Who Kills Journalists?
by Stephen Schwartz
The apparent murder in Istanbul of the Saudi journalist Jamal Khashoggi raises an old question: who kills journalists?
According to the Committee to Protect Journalists, media workers are most at risk at the hands of dictatorships. This may be, to those who spare time to think about it, predictable. Media are enemies of the political lies that underpin every tyrannical regime known to modern times.
A notable example of the targeting of journalists is still remembered in the Balkans: the NATO bombing of Radio Television Serbia (RTS), in Belgrade, on the night of April 23, 1999. That military action left 16 members of the RTS staff dead.
The RTS bombing was considered a legitimate item on the list of NATO actions to curb the genocidal adventurism of Slobodan Milošević, which had destroyed the former Yugoslavia. The media enterprise served as a mouthpiece of the Serb ruler as he indoctrinated his fellow-citizens in the now-familiar post-Soviet diet of ethnic incitement, glorification of terrorism, and disinformation.
But the RTS episode has a backstory that illustrates dramatically the impact of "mediaphobia" on contemporary events.
The families of the dead RTS workers have claimed for years that Serb authorities deliberately failed to warn the media employees of imminent action against RTS. The intent, according to the relatives of those killed, was to present NATO as specifically attacking civilians.
In addition, Milošević and his cronies distrusted RTS and other domestic media for their uneven but persistent habit of exposing the corruption and competition between the rival cliques that form the Belgrade elite.
Serbia is a nation with a history of gangster politics. In 1903, king Aleksandar Obrenović and his wife, Queen Draga, were massacred in a public orgy of brutalization.
Serbia organized the 1914 Sarajevo terrorist plot that began the first world war.
With the formation of Yugoslavia after that war, Serb political criminality continued; the apostle of democracy in Southeast Europe, Croatian leader Stjepan Radić, was assassinated in the Yugoslav parliament in 1928.
Disregard for the security of the highest public figures is accompanied, in the Serbian political context, with contempt for culture, and especially for media, a profession which is more intellectual than visceral.
The outstanding Croatian writer and founder of the Yugoslav Communist movement, Miroslav Krleža, was never purged by Marshal Josip Broz Tito. But during the 1930s Krleža was threatened with murder by Yugoslav Stalinists.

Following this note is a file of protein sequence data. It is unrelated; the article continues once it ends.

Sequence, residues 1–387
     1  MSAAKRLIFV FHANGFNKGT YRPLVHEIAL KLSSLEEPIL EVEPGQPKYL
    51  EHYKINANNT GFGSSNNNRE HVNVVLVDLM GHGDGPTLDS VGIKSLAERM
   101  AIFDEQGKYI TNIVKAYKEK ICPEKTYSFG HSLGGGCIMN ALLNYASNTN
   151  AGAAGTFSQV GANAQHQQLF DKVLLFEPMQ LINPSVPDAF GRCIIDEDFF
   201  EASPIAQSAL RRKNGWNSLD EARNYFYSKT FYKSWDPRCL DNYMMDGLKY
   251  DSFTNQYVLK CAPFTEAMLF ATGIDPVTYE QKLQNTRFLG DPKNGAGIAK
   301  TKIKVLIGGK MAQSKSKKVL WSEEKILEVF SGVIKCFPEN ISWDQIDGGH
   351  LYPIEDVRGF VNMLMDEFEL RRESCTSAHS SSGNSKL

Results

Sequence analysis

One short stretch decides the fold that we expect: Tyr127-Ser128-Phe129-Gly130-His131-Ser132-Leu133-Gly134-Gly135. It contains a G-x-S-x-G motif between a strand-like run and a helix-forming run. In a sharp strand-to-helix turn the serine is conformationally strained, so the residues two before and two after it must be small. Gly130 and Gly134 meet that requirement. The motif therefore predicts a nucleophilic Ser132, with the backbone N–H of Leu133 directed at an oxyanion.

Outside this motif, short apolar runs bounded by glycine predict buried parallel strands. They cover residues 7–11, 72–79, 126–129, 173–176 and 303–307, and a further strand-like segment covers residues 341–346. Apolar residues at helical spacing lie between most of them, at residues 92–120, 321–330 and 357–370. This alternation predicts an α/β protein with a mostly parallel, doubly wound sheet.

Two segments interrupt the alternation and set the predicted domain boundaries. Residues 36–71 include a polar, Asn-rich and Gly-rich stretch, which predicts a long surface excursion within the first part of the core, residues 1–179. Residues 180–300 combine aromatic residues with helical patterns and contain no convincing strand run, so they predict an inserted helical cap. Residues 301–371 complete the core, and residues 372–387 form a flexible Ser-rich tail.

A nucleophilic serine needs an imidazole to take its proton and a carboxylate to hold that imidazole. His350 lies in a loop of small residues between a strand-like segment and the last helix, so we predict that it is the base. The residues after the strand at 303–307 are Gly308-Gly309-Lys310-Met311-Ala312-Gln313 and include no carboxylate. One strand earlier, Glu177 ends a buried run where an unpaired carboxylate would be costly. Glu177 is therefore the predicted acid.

The very great Serbian poet and translator Branko Miljković died in 1961 in suspicious circumstances, after exiling himself from Serbia to Croatia.
Danilo Kiš, a classic of literary modernism, known as a successor of Jorge Luis Borges in his innovative metafiction, and praised by Philip Roth and Susan Sontag, was brutally harassed by the Serbian authorities.
Most characteristically, at the beginning of the NATO intervention in Kosovo, Slavko Ćuruvija, a leading figure in Belgrade media, was assassinated. His death came 12 days before the fatal bombing of RTS.
And, of course, once again in Sarajevo, Serbian aggression against Bosnia-Hercegovina is epitomized by the 1992 destruction of the Osloboðenje tower, a modern building housing the city's main daily newspaper (to which the author of this column is proud to have contributed). Five staff members at Osloboðenje were killed during the Serbian assault on Bosnia.
The war in former Yugoslavia exposed fascinating aspects of the local culture(s). While Bosnian loyalist and Kosovar Albanian journalists were treated justifiably as national heroes pursuing the enlightenment of the citizenry, Croatian journalists were victimized by the "soft authoritarian" president Franjo Tuðman, Macedonian journalists have come to represent an unparalleled example of willing self-sale to Russian intrigues.
In addition, the "murderous angels" of the so-called international humanitarian community (the phrase originates in the critique of the United Nations by the Irish diplomat and author Conor Cruise O'Brien) treated the defenders of media integrity in the Balkans with gross contempt. I watched as media commissars assigned to the Organization for Security and Cooperation in Europe (OSCE) censored, defamed, and otherwise interfered with postwar media workers in Bosnia-Hercegovina and Kosovo.
Typically, Bosnian loyalist and Kosovar Albanian reporters were equated falsely with Serbian propagandists, and accused of complicity with Milošević in the rise of Serbian fascism. Disregard for the sacrifices made by Bosnian loyalist and Kosovar Albanian media employees is a constant of life under international domination in the region.
The Balkans are known for convoluted intrigues. RTS was bombed by NATO for its services to a criminal dictatorship, but the killings that occurred were made possible by the agents of the dictator, bent on fabricating genuinely "fake" news.
Who, then, kills journalists?
First, government authorities that fail to protect.
Second, media bosses who sell out the talent of their employees to power.
Third, consumers of media (the "public") that turn away from dedicated newsgathering to luxuriate in a sensory bath of updated bread and circuses.
From the antics of Donald J. Trump as master of "reality TV" to the efforts by the White House occupant to wipe out independent journalism is a short, if not imperceptible, path. Internet promoters have further devalued media by forcing the "monetization" of all information.
Media workers, welcome to the new world. Like the 16 RTS workers in Belgrade in 1999, and like Jamal Khashoggi, you are dead people on parole.
(From 1995 to 1999 Stephen Schwartz was Secretary of the Northern California Media Workers Guild, AFL-CIO. He has served in defense of press freedom and newsworker labor rights for decades, in the U.S. Latin America, Europe, Asia, and Africa.).